Monday, 19 July 2010

Vitamin B3 Could Be Used to Treat Aspergillus Infections

Researchers have discovered that vitamin B3 (niacin) has antifungal properties that work against a wide range of fungi including Aspergillus. This is interesting as we already know quite a lot about vitamin B3 and it holds out the prospect of the development of a new antifungal drug family that has far fewer side effects compared with current antifungals drugs.

Even more interestingly vitamin B3 antifungal activity works on strains of the fungus which are resistant to current antifungals - they seem equally as effective against resistant or sensitive strains and this suggests that vitamin B3 works via an entirely different mechanism compared with current antifungal drugs. We mention how important this is in an earlier blog, but to summarise if we can exploit new targets for antifungal activity it should lead to drugs which can treat infections that are resistant to other antifungal drugs, Resistance to current antifungal drugs is something that is an increasing problem in the clinic.

In addition there is the possibility that two drugs that use two different targets for their antifungal activity could be used together and thus have far more effect than either drug when used alone (i.e. combination therapy). Vitamin B3 (or drugs developed from this research) could be a useful addition to this type of therapy.

This is also interesting scientifically as it seems to work through interference with a fungal enzyme that is intimately involved in DNA replication. DNA is closely associated with histone proteins during the cell cycle, effectively packaging it away  during quiet times when the cell is not replicating whilst also enabling efficient, ordered unpackaging and replication of DNA prior to cell division and growth (see cartoon animation of this & other processes here).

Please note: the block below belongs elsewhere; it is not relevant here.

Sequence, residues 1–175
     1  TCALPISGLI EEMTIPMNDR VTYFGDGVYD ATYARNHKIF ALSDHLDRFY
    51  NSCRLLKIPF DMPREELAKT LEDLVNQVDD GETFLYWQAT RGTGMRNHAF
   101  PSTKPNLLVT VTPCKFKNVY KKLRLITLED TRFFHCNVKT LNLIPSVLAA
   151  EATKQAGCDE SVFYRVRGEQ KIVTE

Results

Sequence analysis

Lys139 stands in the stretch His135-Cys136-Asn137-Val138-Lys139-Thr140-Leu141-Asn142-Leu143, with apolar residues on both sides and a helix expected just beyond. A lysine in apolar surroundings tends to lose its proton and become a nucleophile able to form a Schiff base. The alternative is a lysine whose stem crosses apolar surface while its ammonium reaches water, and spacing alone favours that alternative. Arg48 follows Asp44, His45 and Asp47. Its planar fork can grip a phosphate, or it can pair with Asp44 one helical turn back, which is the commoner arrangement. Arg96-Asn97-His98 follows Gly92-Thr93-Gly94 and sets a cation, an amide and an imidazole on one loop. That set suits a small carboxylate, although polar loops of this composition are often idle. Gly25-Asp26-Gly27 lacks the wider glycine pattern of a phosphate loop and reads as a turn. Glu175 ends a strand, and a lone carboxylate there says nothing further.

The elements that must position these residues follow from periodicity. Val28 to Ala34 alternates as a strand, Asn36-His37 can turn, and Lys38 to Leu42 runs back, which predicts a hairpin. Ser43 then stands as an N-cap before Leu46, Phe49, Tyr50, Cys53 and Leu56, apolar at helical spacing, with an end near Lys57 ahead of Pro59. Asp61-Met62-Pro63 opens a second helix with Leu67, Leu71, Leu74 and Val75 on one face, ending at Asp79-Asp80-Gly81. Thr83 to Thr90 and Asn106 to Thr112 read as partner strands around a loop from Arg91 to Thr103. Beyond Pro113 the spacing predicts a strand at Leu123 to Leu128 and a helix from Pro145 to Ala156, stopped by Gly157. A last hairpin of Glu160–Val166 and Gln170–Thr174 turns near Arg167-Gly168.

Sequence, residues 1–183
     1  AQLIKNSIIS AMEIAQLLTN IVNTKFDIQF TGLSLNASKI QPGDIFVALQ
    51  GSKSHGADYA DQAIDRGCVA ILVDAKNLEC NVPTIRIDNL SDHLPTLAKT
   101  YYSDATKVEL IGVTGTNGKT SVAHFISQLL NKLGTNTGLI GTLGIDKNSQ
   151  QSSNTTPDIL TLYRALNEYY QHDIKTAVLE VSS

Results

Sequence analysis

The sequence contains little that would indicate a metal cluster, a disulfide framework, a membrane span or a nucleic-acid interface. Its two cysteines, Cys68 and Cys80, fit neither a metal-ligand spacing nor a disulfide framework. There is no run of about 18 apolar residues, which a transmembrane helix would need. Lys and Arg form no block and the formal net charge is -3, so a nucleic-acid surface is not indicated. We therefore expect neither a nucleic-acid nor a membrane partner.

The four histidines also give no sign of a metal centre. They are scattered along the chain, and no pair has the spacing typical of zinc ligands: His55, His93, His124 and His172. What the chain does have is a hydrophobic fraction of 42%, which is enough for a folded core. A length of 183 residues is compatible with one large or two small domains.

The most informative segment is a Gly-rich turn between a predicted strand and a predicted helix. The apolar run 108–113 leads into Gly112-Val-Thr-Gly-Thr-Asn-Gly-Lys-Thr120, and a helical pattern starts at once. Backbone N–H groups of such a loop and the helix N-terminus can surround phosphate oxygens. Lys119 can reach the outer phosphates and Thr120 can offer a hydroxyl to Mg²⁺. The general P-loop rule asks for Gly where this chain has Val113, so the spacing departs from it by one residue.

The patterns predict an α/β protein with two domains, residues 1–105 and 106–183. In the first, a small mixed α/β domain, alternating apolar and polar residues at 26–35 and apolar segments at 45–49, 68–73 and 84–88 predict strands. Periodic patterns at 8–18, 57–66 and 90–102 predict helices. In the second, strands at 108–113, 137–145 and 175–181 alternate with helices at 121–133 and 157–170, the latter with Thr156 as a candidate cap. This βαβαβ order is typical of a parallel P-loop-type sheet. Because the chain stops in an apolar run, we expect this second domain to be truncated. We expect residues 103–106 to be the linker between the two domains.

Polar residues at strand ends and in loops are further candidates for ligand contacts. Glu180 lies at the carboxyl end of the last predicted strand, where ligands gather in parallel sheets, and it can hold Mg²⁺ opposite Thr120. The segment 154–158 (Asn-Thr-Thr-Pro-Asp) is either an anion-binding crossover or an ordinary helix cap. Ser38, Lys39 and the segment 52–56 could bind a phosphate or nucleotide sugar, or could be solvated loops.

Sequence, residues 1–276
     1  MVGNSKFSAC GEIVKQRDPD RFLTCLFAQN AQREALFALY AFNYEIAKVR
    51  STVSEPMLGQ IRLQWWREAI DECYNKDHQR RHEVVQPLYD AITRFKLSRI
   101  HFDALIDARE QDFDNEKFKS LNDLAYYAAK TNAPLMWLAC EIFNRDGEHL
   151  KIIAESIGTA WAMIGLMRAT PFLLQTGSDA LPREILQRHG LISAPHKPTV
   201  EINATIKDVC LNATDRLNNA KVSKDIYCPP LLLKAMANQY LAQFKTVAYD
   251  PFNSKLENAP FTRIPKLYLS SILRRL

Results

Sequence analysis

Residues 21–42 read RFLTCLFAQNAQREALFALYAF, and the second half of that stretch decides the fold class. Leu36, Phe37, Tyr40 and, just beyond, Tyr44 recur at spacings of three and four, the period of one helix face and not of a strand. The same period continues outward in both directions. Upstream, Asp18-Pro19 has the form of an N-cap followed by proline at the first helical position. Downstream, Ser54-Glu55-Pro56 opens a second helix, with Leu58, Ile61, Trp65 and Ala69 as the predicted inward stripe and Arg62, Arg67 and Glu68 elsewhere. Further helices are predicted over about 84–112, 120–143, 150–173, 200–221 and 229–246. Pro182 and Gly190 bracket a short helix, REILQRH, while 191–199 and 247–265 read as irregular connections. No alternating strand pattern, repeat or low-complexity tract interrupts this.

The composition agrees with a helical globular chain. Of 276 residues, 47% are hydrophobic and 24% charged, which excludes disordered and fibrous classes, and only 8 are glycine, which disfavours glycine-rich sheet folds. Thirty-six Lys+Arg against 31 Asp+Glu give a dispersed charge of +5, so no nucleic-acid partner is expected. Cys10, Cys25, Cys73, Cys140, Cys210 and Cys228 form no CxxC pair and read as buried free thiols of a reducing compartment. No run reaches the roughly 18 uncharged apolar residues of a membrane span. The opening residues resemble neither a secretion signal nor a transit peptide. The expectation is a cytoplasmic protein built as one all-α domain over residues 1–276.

We have learned that chemical modification (acetylation) of histone is important for the correct control of the cell cycle however we do not know its precise function. Acetylation and deacetylation of histone is carried out by specific enzymes in the cell nucleus, one of which is a target for vitamin B3. Interference with the mechanism of acetylation of histone (by e.g. treating it with vitamin B3) results in the loss of histone and widespread abnormal growth of the fungus. This gives us a little more insight and another tool to look at how this whole mechanism works.

This mechanism of regulation of histone acetylation in fungi seems to be specific to fungi making it a highly attractive target for antifungal therapy, as interfering with this regulation should not interfere with human cell cycle histones, reducing side effects of any resulting antifungal drugs.


Steve said...

Thanks for posting this! I'm too mean to pay $30 for the original paper, so could you tell us what the effective dose was in the mouse study? Are we talking about something similar to the current RDA for B3 or a much larger (possibly close to toxic) amount?

Since the action seems to be direct, do you think there's potential for topical use too (perhaps in nasal irrigation for people with AFS)?


Website Team GA said...

500mg per kilo of nicotinamide was used intra-peritoneally in the mouse part of the study.

Suggested oral dose for humans is not to exceed 3g/day.

Comparison of the two doses shows a large difference and increasing our daily dose of niacin is not an option due to liver toxicity problems.

This is certainly not something you should try to do without medical supervision.

Steve said...

Good to know (not nearly so good to hear, but good to know!). That's a very big dose - maybe ten times the max. It looks like a lot of work needs doing yet.

Thanks very much for the info.

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